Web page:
We went to another room to get a cast, and the SOS doctor told me that he had to answer another call. He gave me as much information as he could, answered my questions, and said we could take a taxi home once the cast was on.
I think the SOS clinic only has one doctor on call at night, and one small ambulance. They probably don't get too many emergencies at nighttime, but imagine if they did! I'm glad no one else had an emergency while we did!
A nurse put the cast on Sophia, and Sophia had to put her hands on her hips and keep her shoulders back for this, which was incredibly painful. I've never seen a cast put on before -- basically, it was bandages with some kind of plaster or hardening substance, dipped in water, and then wrapped around both shoulders and under both arms.
Then, we asked a nurse to call us a taxi. "Do you have the number?" she said. No, I don't usually travel with taxi numbers, I usually just hail them on the street. She wasn't going to help us, but luckily another nurse had a number and called us a taxi.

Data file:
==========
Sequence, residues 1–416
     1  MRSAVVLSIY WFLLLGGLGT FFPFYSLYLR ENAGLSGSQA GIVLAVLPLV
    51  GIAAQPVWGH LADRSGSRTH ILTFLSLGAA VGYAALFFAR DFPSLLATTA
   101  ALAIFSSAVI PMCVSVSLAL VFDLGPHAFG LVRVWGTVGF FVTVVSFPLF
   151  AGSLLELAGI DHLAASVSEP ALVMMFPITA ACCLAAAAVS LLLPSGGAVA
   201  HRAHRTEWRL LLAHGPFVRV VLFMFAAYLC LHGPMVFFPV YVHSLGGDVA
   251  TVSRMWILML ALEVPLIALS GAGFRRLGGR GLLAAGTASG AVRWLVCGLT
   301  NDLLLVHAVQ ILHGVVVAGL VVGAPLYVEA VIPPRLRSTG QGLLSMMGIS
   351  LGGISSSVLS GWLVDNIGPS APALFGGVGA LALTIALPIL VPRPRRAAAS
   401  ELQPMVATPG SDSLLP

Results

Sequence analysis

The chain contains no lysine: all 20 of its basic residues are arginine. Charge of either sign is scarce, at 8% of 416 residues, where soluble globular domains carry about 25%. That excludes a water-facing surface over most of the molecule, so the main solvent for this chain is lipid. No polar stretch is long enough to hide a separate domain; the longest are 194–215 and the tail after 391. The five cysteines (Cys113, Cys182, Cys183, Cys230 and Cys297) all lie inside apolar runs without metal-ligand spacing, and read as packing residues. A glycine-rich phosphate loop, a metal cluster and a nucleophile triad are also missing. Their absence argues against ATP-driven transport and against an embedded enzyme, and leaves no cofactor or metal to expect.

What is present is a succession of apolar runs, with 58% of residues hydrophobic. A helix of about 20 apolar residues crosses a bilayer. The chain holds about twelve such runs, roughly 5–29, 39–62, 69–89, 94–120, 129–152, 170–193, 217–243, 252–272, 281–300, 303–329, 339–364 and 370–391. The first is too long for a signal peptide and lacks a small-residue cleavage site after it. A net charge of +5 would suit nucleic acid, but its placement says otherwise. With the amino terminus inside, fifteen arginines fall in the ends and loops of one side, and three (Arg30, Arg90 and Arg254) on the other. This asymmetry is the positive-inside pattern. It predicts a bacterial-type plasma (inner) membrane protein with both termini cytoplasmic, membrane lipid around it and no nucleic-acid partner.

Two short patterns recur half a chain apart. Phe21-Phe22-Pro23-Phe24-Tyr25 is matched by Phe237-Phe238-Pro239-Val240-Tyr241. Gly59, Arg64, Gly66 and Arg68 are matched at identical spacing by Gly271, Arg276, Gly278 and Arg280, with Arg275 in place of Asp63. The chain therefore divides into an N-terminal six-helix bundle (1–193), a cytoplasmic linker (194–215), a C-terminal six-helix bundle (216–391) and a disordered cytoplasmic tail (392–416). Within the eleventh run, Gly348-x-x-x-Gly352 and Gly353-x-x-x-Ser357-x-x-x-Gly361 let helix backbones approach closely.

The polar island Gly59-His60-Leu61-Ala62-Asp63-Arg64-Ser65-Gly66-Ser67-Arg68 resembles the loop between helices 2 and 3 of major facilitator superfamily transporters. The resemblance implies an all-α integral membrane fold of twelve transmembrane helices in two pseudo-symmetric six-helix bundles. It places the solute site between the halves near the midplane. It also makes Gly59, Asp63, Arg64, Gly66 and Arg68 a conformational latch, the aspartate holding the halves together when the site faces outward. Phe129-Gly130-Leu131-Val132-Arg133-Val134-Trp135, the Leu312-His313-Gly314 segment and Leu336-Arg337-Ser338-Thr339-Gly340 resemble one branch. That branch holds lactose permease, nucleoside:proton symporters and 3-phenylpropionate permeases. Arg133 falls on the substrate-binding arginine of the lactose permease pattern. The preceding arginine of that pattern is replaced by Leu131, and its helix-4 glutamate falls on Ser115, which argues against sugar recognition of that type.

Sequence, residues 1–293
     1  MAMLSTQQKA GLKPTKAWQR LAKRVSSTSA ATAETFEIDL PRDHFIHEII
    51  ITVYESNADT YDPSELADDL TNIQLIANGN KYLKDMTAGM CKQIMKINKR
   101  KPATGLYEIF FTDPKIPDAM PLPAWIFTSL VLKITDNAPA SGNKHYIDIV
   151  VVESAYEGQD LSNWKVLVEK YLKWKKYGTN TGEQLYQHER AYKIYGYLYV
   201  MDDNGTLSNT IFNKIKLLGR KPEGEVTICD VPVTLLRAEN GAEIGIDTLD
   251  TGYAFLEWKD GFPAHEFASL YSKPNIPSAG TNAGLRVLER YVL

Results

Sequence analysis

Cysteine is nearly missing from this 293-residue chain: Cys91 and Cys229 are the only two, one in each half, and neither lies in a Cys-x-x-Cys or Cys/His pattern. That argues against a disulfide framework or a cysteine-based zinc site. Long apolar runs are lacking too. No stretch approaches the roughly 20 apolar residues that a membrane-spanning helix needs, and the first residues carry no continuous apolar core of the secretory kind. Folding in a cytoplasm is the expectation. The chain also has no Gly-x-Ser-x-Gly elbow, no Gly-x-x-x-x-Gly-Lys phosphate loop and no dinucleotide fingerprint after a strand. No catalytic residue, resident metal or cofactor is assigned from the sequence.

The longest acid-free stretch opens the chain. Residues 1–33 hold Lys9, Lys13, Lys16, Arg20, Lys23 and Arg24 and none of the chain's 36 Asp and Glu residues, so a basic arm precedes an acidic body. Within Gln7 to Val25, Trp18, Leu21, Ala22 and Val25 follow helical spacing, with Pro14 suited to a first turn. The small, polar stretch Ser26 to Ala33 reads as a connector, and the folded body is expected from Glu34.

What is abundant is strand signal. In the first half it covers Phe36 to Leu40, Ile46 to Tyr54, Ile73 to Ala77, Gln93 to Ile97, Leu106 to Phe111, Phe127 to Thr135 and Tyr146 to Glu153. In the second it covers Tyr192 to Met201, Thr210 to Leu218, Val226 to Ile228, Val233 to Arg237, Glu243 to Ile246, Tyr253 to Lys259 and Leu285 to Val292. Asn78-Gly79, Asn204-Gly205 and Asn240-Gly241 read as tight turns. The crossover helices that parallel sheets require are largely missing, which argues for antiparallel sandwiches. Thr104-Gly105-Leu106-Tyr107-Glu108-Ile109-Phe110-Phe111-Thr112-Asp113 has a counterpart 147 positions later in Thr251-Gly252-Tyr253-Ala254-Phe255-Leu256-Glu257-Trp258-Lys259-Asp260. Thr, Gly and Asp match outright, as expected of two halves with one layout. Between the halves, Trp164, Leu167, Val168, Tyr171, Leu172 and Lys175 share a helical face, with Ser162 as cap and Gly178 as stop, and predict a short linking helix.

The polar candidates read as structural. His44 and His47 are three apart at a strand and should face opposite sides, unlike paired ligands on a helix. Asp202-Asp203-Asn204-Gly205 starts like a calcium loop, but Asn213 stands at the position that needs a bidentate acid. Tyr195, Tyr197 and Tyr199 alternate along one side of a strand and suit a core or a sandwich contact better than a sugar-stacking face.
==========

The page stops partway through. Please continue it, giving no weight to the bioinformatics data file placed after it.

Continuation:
But... that taxi never showed up. I've noticed that official taxis are more unreliable than non-official taxis!
The nurse said we should walk to the street and hail a gypsy cab (just any driver who is willing to take you somewhere for a fee). But it was 4 in the morning and freezing cold outside, with icy sidewalks/roads, and we weren't near a main road!
So I had my friend stay inside with Sophia while I went to get a cab. It was probably just a 3 minute walk in good conditions, but in the dark, on the ice, it took me closer to 10. Not sure how long it would've taken Sophia! I quickly found a cab (first car that saw me stopped), and the driver was willing to first go to the hospital to get Sophia and then take us across town to home.
But... he couldn't find the entrance to the hospital! I'd exited via a pedestrian gate, not a driveway. We found one entrance, but there was a "Do Not Enter" sign, and he refused to enter. So we called my friend, who put a nurse on the phone, but her directions didn't help. We drove around and around for about 10 - 20 minutes, through the neighboring hospital, before I finally convinced the driver to go through the "Do Not Enter" entrance.
We were at Sophia's entrance very quickly then, and she got in the car, and we had an uneventful ride home. I paid him 4000 tenge (double his original fee) for all his work.